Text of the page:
Full study of the article is available below:
“Every apple has a voice: using stable isotopes to teach about food sourcing and the water cycle.”
Authors: Erik Oerter, Molly Malone, Annie Putman, Dina Drits-Esser, Louisa Stark, and Gabriel Bowen.
October 5, 2017
The National Science Foundation (NSF) has moved into their new headquarters in Alexandria, Virginia. With the move comes a new address, 2415 Eisenhower Ave, Alexandria, VA 22314, which is just a few steps away from the Eisenhower Avenue metro stop and only a few stops down from Washington National Airport (DCA).
While the physical location has changed, there will be no changes to email addresses and phone numbers for NSF employees and NSF offices. It is recommended that all future NSF visitors and on-site panelists carefully read any instructions and documents sent out prior to visits. And, as always, be sure to have a valid ID that is compliant with the REAL ID Act. If this is not available to you, bring a passport for all future visits to the new building.
September 15, 2017
As the iUTAH project comes to a close, researchers are summarizing methodology and findings as it applies to other water-related research. The September issue of the Journal of the American Water Resources Association (JAWRA) features two in-depth reviews of the mountain urban water system in Utah, specifically, iUTAH design, implementation, and maintenance of sensor equipment, data and metadata produced by the water science project.
The first paper, “Designing and Implementing a Network for Sensing Water Quality and Hydrology across Mountain to Urban Transitions” discusses the logistics of developing and maintaining the Gradients Along Mountain to Urban Transitions (GAMUT) network. The article described the practices followed, as well as insights and findings during the installation and operation of GAMUT. Early on, the research team focused on openly publishing data to drive further science. The research teams “worked to balance scientific needs with physical site limitations, communication constraints, public engagement goals, site security, and partnership potential.” Once the groundwork was laid for the project, additional enhancements focused on quality assurance and system controls to manage and communicate the numerous large datasets produced. The paper finds that GAMUT the "is underlying infrastructure that serves as a vehicle for other research endeavors, ” and instills confidence in consistent long-term data output which secondary users might find helpful after applying their own assessments.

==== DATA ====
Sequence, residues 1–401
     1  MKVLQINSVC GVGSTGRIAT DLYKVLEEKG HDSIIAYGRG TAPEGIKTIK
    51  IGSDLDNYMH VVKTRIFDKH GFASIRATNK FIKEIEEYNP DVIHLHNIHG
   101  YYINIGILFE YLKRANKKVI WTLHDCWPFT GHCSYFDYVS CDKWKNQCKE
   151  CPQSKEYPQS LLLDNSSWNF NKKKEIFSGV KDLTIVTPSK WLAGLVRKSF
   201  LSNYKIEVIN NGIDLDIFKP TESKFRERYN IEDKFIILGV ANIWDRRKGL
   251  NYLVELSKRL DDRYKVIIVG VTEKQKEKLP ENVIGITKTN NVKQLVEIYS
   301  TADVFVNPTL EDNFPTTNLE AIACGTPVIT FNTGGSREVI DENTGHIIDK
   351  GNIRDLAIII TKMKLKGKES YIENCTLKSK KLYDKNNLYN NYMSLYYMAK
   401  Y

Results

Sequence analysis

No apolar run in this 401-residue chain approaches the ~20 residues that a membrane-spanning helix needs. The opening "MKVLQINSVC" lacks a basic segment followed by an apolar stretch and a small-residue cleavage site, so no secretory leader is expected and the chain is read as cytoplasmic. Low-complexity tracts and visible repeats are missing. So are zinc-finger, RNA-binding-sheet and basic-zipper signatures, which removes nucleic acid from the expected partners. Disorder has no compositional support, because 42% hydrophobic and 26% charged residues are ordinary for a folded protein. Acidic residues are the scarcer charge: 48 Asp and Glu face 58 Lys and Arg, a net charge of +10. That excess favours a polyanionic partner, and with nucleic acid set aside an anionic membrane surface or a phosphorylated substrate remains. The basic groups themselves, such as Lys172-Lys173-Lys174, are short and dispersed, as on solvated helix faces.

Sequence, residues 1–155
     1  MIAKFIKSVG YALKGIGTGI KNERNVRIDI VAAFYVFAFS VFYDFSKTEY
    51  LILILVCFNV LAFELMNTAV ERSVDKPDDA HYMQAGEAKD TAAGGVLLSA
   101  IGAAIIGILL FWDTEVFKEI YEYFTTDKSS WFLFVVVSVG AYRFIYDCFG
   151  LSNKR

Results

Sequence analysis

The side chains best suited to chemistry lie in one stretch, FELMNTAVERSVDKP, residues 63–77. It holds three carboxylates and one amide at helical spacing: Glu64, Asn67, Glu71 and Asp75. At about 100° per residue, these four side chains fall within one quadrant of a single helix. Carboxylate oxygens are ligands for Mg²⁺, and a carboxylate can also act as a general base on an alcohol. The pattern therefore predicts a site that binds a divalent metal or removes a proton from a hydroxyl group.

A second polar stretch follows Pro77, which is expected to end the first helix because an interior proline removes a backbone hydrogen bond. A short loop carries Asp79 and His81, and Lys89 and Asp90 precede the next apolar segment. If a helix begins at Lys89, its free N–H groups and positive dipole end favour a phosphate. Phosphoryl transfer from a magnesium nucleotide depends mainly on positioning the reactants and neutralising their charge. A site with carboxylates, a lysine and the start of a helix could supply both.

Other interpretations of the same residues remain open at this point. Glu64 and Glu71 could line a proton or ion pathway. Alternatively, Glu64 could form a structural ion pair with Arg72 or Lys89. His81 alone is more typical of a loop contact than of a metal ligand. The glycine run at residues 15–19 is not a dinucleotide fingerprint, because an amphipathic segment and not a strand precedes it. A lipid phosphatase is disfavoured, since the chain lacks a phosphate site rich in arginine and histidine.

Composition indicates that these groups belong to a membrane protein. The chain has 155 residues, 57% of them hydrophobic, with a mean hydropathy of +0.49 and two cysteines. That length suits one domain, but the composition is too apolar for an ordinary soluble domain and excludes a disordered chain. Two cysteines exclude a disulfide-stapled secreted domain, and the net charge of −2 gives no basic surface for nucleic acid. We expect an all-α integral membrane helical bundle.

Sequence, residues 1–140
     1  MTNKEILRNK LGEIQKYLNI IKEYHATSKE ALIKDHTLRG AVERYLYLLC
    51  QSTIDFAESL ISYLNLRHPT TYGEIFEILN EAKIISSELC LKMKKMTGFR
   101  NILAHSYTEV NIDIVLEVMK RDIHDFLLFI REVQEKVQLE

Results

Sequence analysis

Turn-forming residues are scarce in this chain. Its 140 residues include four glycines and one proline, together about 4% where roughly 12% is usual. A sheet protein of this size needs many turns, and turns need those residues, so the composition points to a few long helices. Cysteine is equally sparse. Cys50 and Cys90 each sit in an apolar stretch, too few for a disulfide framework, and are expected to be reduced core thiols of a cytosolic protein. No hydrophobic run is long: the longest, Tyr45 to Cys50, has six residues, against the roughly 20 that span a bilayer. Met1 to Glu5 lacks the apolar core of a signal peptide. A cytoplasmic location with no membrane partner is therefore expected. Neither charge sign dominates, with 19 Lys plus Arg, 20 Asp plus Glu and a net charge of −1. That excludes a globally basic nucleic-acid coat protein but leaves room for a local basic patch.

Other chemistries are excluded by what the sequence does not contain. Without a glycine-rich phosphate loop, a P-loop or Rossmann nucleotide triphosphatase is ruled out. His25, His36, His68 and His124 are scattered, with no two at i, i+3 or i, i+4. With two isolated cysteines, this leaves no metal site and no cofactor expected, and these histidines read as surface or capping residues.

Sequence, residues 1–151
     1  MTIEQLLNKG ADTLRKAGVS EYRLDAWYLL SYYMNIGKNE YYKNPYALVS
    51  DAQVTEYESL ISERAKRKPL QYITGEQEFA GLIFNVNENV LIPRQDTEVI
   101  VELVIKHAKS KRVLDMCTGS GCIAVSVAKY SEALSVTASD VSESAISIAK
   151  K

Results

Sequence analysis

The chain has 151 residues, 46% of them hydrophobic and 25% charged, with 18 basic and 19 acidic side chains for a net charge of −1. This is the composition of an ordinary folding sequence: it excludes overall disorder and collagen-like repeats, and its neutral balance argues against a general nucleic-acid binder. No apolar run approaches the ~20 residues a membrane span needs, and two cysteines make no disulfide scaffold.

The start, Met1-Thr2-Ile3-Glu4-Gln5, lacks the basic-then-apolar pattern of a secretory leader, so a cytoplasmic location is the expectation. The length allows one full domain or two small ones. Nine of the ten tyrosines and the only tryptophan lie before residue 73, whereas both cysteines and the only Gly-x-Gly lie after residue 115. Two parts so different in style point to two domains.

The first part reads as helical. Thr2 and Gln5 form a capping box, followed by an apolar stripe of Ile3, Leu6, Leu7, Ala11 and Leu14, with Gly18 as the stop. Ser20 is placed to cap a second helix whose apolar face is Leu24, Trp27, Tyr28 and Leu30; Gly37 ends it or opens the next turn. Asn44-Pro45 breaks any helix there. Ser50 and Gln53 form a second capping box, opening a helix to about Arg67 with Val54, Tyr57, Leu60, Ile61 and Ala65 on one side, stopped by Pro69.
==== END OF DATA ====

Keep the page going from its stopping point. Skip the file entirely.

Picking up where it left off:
The second paper, “Data Management Dimensions of Social Water Science: The iUTAH Experience” focuses more specifically on integrating a social science framework into the project. It reinforces the first article’s discussion of planning and policy needs, as it explores the open science, data sharing, and the human aspect of Utah’s water system. The study recommends classifying social water science data according to the dimensions of human subject data, primary vs. secondary data, and data restrictions to reveal opportunities and reduce barriers for data sharing. Furthermore, the article concludes by saying that “by facilitating innovative approaches to managing a diverse portfolio of data, the iUTAH program has furthered understanding of a mountain urban water system and provided opportunities for data integration across water sciences and between science and society.”
Full study of each article available below:
Designing and Implementing a Network for Sensing Water Quality and Hydrology across Mountain to Urban Transitions
Authors: Amber Spackman Jones, Zachary T. Aanderud, Jeffery S. Horsburgh, David P. Eiriksson, Dylan Dastrup, Christopher Cox, Scott B. Jones, David R. Bowling, Jonathan Carlisle, Gregory T. Carling, and Michelle A. Baker